The Medical Background of Anglo-Saxon England. A Study in History, Psychology and Folklore by Wilfred Bonser; Reviewed by H.R. Ellis Davidson (1964)

Review by: H. R. Ellis Davidson, Folklore, Vol. 75, No. 4 (Winter, 1964), pp. 287-289.

The Medical Background of Anglo-Saxon England. A Study in History, Psychology and FolkloreTHIS is a careful and systematic study of medicine and methods of healing during the Anglo-Saxon period (from the fifth to the eleventh centuries) in England. Written evidence in Anglo-Saxon and Latin works has been conscientiously surveyed and discussed, and comment from modern medical authorities used to throw light on early remedies and prescriptions. Other types of evidence have been taken into account: in particular, evidence for the health of the Anglo-Saxons taken from archaeological reports on skeletons, and evidence from pagan charms for healing, many of which continued to be used, with some editing, into Christian times.

It is where the last two subjects are concerned that the book inevitably suffers from the long delay in publication mentioned in the preface. Some most important and illuminating work has been done in recent years on Anglo-Saxon skeletons, for example by Don Brothwell and Calvin Wells. Had Dr Bonser been able to avail himself of the material which concerns the Anglo-Saxons in some sections of Science and Archaeology (edited Brothwell and Higgs, 1963) and in Bones, Bodies and Disease, by Calvin Wells, 1964, he would have found a great deal that is relevant to this study. Reports on childhood illnesses among Anglo- Saxons buried in two Norfolk cemeteries, based on the evidence of radiography, evidence from several cemeteries for frequency of broken legs, for periostitis (possibly due to unsuitable footwear) and sinusitis (possibly due to bad housing conditions), and facts now available concerning the expectancy of life in the Anglo-Saxon period, are examples of this. Clearly we are on the verge of extensive new additions to our  knowledge, by using new techniques to interpret skeletal remains, and a new edition of Dr Bonser’s book will soon be desirable! Dr Wells has made abundantly clear also that there are limitations to this kind of evidence, and that we must realize that in many cases medical opinions are so divided as to be of little value; this needs to be borne in mind in considering the opinions quoted in Dr Bonser’s book, which in many cases, I feel, do not help overmuch. It is necessary to remember that early manuscripts dealing with disease ‘often turn out to be monsters of ambiguity, little better than ink-blot tests, which can mean all things to all men’ (Wells, p. 30).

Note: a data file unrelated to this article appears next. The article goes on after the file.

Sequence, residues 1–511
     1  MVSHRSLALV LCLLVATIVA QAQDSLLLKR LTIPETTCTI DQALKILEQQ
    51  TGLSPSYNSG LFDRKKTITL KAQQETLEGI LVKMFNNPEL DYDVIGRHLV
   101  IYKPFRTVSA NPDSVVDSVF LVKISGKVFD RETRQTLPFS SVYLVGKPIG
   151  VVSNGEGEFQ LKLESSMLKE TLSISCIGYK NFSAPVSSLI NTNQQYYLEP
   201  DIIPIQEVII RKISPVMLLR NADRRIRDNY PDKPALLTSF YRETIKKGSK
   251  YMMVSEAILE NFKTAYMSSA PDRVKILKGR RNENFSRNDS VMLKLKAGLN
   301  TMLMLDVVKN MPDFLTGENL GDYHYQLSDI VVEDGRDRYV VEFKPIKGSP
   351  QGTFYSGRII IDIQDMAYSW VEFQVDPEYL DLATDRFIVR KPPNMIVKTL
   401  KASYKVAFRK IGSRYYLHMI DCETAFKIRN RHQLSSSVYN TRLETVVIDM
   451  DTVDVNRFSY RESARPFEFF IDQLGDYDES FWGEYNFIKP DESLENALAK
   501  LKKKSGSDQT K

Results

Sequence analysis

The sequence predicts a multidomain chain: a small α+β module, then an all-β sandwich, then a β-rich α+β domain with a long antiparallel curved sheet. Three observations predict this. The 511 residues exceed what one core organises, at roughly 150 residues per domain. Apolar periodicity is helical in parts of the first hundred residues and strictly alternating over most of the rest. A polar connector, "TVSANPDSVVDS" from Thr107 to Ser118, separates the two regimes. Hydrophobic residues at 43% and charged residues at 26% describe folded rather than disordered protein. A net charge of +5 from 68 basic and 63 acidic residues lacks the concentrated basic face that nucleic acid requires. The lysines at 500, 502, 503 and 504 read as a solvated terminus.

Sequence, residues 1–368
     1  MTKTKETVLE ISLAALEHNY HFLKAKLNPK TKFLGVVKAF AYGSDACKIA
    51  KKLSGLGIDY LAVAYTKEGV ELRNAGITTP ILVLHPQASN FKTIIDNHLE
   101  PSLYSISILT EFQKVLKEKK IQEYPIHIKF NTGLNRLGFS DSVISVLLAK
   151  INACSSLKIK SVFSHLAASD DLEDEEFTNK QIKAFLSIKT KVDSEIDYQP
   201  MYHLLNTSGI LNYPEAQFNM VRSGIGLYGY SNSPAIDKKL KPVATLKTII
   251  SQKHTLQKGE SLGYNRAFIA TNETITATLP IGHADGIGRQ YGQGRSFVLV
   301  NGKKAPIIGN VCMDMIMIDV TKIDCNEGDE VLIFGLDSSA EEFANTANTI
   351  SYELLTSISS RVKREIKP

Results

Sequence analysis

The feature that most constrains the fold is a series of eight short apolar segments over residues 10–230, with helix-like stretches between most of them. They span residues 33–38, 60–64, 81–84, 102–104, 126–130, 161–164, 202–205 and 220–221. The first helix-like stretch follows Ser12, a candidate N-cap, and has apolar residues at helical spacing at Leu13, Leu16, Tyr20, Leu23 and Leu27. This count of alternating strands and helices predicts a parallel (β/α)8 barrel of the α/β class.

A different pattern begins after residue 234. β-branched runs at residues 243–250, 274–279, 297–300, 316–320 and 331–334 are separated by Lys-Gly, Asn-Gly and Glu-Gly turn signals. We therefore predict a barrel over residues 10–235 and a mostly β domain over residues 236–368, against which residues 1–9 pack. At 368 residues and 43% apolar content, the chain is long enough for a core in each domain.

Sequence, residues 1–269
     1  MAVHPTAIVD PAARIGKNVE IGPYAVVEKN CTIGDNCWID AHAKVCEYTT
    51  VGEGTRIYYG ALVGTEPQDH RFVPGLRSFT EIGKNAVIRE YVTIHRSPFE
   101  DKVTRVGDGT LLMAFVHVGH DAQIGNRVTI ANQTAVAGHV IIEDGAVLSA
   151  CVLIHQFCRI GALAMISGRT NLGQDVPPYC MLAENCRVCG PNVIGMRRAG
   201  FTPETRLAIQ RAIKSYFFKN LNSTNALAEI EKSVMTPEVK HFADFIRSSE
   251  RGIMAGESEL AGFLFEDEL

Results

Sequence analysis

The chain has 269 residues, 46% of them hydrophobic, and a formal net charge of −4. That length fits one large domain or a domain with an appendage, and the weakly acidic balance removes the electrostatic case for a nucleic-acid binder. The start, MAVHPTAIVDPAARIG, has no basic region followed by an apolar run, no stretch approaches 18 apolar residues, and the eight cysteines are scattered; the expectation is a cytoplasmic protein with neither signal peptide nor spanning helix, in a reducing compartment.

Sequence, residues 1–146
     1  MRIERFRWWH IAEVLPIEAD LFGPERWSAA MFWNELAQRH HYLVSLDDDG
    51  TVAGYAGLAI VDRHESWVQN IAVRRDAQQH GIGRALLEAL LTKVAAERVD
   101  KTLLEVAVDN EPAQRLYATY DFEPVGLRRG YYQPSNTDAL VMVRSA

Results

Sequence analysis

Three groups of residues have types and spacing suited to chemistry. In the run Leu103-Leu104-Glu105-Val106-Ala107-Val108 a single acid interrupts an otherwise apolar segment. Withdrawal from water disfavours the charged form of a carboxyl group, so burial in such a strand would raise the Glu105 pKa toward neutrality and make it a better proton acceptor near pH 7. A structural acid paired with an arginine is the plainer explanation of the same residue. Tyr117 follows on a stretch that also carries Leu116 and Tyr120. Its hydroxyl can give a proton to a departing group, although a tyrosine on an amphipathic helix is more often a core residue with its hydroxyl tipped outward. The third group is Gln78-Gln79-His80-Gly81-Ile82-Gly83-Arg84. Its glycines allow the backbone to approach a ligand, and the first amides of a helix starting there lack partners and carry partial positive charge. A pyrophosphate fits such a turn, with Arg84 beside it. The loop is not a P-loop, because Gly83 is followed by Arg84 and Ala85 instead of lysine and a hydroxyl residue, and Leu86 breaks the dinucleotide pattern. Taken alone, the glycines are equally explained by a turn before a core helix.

Medieval Medicine

In the case of the section on magic and pagan religion, it is again true that a great deal of very important work has been done in this field in recent years, particularly on the Scandinavian side, of which the author seems to be unaware. Any work dealing with Germanic heathenism should include among the references the major contribution of Jan de Vries, Altgermanische Religiongeschichte, the first edition of which appeared as long ago as 1940, if only because of the wealth of bibliographical material which it contains. Old and misleading translations like those in the Corpus Poeticum Boreale and Origines Islandicae should not be used when far better and more reliable ones are easily available. If the form of witchcraft known as seiðr is to be included in this study, it is surprising to find no reference to Dag Strömbdick’s exhaustive work on the subject, published in Lund in 1935; this last, incidentally, brings in the whole question of shamanistic methods of healing, as used among the Lapps and Finns, which should have been discussed at some point. Dr Bonser has understandably been tempted to cast his net a little too wide in an attempt to indicate the possibilities of his subject, but would have done better to mention them only, and to confine himself to the evidence with which he is truly at home, that is, the written sources of the Anglo-Saxon period.

Medieval Dentistry

It is far more satisfactory to turn to this, and to emphasize the positive contribution made in this study. The use of medical terms and terms used for parts of the body are carefully listed and analysed, and many instances of healing practices and ceremonies given which will be of interest to folklorists. Evidence for hospital treatment in the monasteries and for food in common use there appears to be a fresh contribution to this subject. The sections on epidemics and on the use of relics, both previously published in the form of essays, are of considerable interest. The strength of the book is the collection of material from literature, and problems of the date and reliability of the manuscript sources, too often ignored in works of this kind, are tackled with thoroughness and authority. Some pertinent questions are raised: How far did the early  church encourage the study of medicine and how far did it hinder progress? To what extent were the early charms and spells, many of them, as Dr Bonser has shown, copied from foreign sources and advocating the use of substances unobtainable in England, academic exercises merely, and how often were they put to practical use? By raising such questions, and by bringing together of much scattered information, the author has made a useful contribution to the history of medicine in early England.

H.R. ELLIS DAVIDSON

Bald_s Leechbook

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